1. 1. Surrealism Techniques
    2. 2. Surrealism • Depict unconscious mind & dreamlike alternate realities • Emerged in 1920s allowed push beyond traditional techniques, methods, & philosophies.
    3. 3. Surrealism • Out-of-Place Objects • Unreal Scenes • Normal Objects Acting Abnormally • Fantastic Creatures
    4. 4. Collage Frottage Fumage Grattage Decalcomania
    5. 5. Collage • Picture or design created by adhering such basically flat elements as newspaper, wallpaper, printed text and illustrations, photographs, cloth, string, etc., to a flat surface • "Collage“ originally a French word, derived from the word coller, meaning "to paste"
    6. 6. Max Ernst. The Hat Makes the Man. 1920. gouache, pencil, ink and cut-and-pasted collotypes. 14 x 18 inches. Museum of Modern Art, NY.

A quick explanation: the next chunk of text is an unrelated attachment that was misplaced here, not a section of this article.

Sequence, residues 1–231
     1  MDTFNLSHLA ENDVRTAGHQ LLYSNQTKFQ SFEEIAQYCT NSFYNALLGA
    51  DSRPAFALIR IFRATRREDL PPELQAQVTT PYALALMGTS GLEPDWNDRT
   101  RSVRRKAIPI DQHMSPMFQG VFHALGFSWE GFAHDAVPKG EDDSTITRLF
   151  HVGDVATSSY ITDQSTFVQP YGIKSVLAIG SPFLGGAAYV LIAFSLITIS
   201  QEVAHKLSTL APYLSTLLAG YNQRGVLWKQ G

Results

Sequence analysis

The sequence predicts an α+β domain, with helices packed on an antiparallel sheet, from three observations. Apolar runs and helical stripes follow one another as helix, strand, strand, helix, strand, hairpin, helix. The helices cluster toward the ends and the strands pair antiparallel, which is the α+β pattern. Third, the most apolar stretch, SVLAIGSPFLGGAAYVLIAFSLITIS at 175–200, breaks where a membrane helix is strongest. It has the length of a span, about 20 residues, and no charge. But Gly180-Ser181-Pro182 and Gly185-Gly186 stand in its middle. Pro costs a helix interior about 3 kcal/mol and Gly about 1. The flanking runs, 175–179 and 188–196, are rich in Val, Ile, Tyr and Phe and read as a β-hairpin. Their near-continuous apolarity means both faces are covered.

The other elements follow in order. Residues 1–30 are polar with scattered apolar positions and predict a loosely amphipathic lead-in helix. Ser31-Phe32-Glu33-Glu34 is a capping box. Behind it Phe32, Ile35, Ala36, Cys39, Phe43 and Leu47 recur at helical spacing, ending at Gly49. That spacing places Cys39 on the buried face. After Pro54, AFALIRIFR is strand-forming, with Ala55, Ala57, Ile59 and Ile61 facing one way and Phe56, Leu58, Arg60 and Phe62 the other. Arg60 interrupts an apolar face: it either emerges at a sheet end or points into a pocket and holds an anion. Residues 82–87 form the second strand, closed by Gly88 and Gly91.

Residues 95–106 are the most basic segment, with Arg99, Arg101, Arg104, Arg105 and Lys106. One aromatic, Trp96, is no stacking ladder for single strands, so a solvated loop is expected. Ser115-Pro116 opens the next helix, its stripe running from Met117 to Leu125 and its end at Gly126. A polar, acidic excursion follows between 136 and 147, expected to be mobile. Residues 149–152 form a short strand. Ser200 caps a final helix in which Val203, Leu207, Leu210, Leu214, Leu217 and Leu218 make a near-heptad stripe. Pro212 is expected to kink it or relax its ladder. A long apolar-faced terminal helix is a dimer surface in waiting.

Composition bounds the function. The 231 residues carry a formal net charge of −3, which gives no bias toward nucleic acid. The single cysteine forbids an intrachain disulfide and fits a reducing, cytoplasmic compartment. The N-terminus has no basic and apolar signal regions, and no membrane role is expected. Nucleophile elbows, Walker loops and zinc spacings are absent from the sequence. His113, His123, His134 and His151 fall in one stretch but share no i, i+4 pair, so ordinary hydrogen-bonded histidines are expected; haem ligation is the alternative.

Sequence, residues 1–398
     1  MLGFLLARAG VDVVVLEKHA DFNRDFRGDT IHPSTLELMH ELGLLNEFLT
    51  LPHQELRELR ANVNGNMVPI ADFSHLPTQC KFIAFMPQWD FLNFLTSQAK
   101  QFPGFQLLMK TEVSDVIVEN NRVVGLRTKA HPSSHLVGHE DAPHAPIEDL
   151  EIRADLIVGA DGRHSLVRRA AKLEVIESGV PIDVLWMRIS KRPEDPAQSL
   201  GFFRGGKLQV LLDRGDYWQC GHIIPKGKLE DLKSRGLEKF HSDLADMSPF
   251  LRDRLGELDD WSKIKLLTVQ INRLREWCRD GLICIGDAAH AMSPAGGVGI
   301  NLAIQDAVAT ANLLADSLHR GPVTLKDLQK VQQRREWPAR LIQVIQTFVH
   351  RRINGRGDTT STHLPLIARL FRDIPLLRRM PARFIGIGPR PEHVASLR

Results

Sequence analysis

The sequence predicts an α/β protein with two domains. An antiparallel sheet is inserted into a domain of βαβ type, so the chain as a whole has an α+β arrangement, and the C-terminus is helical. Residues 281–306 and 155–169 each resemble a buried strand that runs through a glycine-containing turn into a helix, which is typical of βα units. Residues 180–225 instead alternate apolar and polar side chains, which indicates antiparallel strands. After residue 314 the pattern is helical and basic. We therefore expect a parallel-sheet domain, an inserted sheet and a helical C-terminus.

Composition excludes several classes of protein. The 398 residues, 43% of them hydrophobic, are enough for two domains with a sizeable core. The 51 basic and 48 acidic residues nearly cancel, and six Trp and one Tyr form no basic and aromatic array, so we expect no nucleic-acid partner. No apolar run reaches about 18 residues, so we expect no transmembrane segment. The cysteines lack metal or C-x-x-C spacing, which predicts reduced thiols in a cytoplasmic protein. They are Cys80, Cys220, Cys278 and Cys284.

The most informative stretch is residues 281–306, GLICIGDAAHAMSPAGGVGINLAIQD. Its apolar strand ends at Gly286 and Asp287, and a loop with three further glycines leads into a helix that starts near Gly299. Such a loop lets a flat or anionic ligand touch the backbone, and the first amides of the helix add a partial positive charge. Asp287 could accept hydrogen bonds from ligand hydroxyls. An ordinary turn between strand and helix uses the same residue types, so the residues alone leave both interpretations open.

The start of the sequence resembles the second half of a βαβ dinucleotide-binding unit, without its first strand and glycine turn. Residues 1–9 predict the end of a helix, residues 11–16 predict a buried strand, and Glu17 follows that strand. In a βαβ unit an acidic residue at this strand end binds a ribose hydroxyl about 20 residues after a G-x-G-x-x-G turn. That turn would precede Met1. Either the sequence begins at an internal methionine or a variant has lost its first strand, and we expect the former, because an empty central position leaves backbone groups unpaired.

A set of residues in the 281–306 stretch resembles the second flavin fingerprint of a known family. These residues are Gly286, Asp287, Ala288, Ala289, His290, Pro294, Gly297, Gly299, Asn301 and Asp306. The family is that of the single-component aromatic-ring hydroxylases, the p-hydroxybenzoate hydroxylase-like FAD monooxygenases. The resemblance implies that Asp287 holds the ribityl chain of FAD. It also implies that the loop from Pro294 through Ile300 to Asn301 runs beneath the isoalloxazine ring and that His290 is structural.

7. 7. Frottage • Technique of rubbing with crayon or graphite on a piece of paper which has been placed over a textured object, or an image achieved in this way • Max Ernst first introduced frottage in his works in 1925, often employing such rubbings as part of a collage, or combining frottage with painting techniques
    8. 8. English (Barlow, Derbyshire), Memorial to Robert and Margaret Barley. 1467, incised brass plaque.
    9. 9. Grattage • Scraping – again developed by Max Ernst • Begin by trowling paint onto a surface, allow it to dry before scraping the paint off with pointed tools • Idea was to create partial images leaving the completion of the image to the mind of the viewer.
    10. 10. Max Ernst. Forest and Dove. Oil on canvas. 100 x 82 cm. 1927. Tate Gallery, London, UK.
    11. 11. Decalcomania • Process of transferring images from surface to another surface • "Decal" is short for decalcomania • "Decalcomania“ from a similar French word meaning "a craze for transferring a tracing” • Developed by Oscar Dominguez
    12. 12. Max Ernst. The Eye of Silence. 1943/44. Oil on canvas. 108 x 141 cm. Washington University Art Gallery, Saint Louis, MO, USA.